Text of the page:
The trick to making this as dairy free as possible is to be sure all of the foam and solids are removed from the butterfat. It will still not be 100 percent free of milk proteins.
INGREDIENTS | YIELDS 1 cup; Serving size 1 tablespoon
- 2 sticks (¼ pound) unsalted butter
- 2 tablespoons unsalted butter
Place all of the butter in a heavy, small saucepan over medium heat. Let butter melt, then bring to a boil.
Reduce heat a bit, then cook butter without stirring. A foam will form on the surface; this should disappear in a few minutes.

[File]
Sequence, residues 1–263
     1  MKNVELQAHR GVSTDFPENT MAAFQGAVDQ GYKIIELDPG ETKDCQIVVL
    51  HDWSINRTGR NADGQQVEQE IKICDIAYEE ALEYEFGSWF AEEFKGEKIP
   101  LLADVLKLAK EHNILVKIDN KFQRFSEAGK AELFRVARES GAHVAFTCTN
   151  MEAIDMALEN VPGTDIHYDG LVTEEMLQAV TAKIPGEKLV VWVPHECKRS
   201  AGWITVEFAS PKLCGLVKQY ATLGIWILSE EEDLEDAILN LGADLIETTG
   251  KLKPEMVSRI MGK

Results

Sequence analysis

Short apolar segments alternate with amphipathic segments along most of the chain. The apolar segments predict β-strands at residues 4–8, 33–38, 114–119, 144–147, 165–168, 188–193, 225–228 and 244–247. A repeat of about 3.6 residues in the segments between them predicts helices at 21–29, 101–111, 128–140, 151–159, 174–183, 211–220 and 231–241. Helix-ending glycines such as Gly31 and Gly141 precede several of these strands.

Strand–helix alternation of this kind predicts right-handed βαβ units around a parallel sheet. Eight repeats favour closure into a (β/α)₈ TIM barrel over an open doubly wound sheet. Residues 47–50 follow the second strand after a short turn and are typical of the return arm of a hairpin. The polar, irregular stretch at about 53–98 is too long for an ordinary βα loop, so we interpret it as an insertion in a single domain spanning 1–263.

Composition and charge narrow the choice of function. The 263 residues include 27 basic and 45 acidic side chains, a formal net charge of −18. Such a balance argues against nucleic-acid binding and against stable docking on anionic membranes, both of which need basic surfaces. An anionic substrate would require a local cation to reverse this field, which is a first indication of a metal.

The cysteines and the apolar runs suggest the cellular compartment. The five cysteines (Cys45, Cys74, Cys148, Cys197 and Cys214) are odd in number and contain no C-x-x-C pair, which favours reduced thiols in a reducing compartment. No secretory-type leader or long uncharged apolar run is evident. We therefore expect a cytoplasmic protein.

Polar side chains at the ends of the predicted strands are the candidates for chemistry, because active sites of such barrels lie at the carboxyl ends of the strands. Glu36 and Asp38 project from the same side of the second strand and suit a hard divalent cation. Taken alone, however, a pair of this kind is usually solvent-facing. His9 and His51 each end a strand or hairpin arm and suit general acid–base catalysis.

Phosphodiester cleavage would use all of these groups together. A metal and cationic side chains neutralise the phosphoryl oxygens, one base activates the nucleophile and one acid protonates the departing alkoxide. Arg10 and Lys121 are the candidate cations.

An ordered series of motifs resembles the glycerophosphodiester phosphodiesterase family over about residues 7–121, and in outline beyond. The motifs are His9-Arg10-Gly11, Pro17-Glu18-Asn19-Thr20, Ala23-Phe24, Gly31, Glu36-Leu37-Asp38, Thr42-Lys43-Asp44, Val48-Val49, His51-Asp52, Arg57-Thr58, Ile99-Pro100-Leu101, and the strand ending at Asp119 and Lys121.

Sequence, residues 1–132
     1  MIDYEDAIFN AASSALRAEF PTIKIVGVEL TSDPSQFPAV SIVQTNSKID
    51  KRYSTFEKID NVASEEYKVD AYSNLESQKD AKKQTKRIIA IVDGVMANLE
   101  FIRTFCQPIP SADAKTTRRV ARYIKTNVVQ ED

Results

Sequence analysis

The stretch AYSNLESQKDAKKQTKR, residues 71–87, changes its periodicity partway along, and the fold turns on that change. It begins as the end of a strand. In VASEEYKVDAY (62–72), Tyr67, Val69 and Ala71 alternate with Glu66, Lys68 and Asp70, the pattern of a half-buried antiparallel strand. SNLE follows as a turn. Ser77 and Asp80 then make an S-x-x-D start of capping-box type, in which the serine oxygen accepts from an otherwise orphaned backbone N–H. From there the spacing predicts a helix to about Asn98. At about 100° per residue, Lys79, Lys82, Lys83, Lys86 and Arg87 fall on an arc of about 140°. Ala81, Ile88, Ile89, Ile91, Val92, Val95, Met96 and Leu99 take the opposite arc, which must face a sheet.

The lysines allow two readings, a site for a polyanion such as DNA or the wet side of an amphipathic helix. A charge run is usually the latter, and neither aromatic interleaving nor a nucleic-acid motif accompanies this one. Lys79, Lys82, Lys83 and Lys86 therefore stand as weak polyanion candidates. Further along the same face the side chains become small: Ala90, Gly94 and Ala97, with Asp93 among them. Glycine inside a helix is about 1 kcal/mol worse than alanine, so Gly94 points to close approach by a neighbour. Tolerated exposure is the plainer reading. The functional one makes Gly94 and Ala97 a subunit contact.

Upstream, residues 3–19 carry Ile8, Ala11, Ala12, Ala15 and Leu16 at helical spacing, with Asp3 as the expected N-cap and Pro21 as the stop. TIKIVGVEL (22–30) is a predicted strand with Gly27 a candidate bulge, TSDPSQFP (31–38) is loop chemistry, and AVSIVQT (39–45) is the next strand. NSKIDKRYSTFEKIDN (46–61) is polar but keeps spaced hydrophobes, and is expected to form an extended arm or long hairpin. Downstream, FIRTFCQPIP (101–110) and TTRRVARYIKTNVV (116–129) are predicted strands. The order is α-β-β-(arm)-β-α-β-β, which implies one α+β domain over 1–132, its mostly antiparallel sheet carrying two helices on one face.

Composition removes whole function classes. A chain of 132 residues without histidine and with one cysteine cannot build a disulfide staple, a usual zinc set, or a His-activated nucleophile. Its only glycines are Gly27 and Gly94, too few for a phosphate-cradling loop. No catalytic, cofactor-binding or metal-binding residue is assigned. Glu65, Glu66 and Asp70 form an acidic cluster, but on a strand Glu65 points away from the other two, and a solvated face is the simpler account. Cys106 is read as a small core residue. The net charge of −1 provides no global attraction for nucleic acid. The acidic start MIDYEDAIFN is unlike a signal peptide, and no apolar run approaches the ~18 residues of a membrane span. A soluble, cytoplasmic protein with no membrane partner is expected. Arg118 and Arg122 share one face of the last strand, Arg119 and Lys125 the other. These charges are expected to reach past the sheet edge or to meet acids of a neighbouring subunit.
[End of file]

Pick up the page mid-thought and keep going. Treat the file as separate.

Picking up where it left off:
Continue cooking butter until a second foam appears on the surface. The liquid will turn a golden color, and may smell like popcorn.
Carefully pour the liquid through cheesecloth into a heatproof container, leaving the solids in the bottom of the pan. You can strain the ghee several times to remove more protein. Store in airtight container in a cool, dark place up to 3 weeks.
Fat: 12.94 grams
Saturated Fat: 8.19 grams
Carbohydrates: 0.01 grams
Sodium: 1.75 mg
Ghee Is Dairy Free?
If you have a severe dairy allergy to milk proteins, don't try ghee as a butter substitute. It's difficult, if not impossible, to remove all of the protein from the fat. Ghee is almost lactose free, so if lactose intolerance is the problem, ghee might work for you. Commercially produced ghee, especially organic brands, may be more pure than homemade.